The Climate Caper (2009) by Garth Paltridge, is a very good summary of a retired, skeptical atmospheric physicist’s view of the state of climate science and what he sees as the problems with doomsday predictions in the field.
Paltridge’s scientific case is very similar to that of Richard Lindzen, another retired climate scientist who has expressed a lot of skepticism about catastrophic global warming. Paltridge states that, all things being equal, increasing C02 will increase temperature and that this is a likely outcome for 21C. He does, however, say that statements beyond that do not have a strong scientific basis. He also heavily criticizes, the ‘Hockey Stick’ of MBH 98 that is still used in scientific reports given to governments.
Paltridge points out that the basis for predictions for 21C are unverified computer models. He points out that the regional forecasts from these models are completely inconsistent and should not be used as the basis for public policy. He also points out that catastrophic climate change is dependent on water vapour feedback being positive.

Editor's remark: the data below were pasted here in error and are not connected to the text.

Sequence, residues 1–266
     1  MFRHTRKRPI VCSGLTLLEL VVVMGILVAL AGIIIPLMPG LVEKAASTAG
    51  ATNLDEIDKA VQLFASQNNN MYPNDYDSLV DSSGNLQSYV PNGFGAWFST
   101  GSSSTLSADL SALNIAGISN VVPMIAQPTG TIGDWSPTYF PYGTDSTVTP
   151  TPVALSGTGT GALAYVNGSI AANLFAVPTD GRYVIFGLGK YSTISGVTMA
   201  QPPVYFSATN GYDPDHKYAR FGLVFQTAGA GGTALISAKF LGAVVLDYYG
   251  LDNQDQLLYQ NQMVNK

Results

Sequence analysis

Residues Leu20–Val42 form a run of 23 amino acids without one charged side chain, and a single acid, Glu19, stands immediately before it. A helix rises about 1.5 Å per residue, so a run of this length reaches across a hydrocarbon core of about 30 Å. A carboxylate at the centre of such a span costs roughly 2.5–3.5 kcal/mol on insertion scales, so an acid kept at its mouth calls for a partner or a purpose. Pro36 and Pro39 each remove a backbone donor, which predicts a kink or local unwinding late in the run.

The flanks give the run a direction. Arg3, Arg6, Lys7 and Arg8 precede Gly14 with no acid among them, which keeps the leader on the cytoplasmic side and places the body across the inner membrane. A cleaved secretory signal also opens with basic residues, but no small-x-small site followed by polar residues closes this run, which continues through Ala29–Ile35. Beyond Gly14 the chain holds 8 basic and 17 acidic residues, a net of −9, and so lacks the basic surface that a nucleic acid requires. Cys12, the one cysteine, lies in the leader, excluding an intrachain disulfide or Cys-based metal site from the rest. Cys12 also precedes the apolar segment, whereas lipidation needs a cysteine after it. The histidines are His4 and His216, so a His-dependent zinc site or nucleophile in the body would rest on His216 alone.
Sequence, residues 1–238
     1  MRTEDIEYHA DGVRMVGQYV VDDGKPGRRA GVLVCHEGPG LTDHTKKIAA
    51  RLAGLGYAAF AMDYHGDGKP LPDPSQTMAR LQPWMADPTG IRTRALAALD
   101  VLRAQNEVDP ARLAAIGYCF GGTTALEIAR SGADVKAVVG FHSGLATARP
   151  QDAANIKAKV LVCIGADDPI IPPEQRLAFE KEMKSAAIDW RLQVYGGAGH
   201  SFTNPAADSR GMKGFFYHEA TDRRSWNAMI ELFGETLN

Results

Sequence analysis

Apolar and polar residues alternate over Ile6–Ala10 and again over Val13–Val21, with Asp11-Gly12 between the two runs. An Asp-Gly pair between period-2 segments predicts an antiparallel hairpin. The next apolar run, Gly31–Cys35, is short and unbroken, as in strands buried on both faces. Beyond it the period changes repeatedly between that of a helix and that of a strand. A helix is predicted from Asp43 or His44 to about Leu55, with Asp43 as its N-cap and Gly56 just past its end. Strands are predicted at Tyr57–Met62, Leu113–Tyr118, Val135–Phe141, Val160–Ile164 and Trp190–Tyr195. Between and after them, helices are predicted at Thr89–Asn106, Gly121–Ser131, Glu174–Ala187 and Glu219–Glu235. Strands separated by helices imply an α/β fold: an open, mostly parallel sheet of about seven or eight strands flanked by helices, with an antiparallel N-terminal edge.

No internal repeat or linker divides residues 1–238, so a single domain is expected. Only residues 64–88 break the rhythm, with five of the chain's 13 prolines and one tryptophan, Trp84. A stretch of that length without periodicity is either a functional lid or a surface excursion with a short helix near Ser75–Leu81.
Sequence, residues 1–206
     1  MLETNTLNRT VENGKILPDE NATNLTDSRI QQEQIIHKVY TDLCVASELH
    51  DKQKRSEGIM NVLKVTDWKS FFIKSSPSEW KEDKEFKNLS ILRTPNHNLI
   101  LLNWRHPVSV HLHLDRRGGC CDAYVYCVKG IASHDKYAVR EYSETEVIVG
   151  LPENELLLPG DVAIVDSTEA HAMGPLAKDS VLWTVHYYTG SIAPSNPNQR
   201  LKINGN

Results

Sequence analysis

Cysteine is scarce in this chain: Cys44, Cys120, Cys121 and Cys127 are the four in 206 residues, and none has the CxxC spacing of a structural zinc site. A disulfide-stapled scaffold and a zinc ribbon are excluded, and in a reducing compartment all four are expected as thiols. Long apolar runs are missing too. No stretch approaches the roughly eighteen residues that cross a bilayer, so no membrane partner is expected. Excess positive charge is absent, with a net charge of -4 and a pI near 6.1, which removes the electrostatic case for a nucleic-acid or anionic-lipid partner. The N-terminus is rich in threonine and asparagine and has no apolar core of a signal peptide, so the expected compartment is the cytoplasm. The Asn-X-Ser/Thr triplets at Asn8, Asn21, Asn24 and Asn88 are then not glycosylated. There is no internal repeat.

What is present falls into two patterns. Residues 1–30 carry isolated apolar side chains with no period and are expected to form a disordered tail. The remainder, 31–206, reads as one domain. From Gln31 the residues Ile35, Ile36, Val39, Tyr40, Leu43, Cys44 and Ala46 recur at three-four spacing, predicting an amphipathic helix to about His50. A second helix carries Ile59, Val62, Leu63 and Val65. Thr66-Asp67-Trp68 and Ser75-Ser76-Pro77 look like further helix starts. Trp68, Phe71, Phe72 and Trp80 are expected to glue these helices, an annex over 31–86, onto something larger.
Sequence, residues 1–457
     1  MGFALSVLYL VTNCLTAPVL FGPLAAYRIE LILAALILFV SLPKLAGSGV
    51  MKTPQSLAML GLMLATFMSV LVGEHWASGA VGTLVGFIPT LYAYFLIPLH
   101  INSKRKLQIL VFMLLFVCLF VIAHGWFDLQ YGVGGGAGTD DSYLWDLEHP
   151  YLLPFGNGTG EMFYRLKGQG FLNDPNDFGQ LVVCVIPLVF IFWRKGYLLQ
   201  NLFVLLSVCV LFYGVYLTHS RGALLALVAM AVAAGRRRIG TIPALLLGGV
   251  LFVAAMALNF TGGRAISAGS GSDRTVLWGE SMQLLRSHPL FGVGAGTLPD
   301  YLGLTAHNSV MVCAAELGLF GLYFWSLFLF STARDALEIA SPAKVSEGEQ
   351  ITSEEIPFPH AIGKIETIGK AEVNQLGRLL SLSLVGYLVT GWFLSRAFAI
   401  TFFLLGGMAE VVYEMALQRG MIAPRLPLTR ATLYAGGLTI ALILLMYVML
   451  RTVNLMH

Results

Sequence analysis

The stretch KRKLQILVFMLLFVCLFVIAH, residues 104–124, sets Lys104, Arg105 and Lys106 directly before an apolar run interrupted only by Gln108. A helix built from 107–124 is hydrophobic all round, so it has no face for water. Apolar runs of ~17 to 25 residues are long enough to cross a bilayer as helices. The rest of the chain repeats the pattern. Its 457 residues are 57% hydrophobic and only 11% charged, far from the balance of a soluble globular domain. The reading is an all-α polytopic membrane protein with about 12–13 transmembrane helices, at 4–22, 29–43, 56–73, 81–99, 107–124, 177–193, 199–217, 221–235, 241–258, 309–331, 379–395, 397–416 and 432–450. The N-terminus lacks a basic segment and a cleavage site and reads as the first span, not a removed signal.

Paltridge goes on to look at why climate science has taken the path it has. He points out the massive growth in the number of scientists and the heavy competition that this has led to and the need to secure funding and find work that scientists themselves regard as imporant and gives them pride.
Paltridge’s book is impressively short and to the point. The issues he raises are those that cause distinct embarrassment for the climate establishment. But his views are not spectacular, acknowledge that temperatures will probably rise in 21C but that substantial action to avert these rises is not justified. Paltridge makes his points with wit and style. The book is well worth a read for anyone interested in what knowledgable skeptics say about global warming.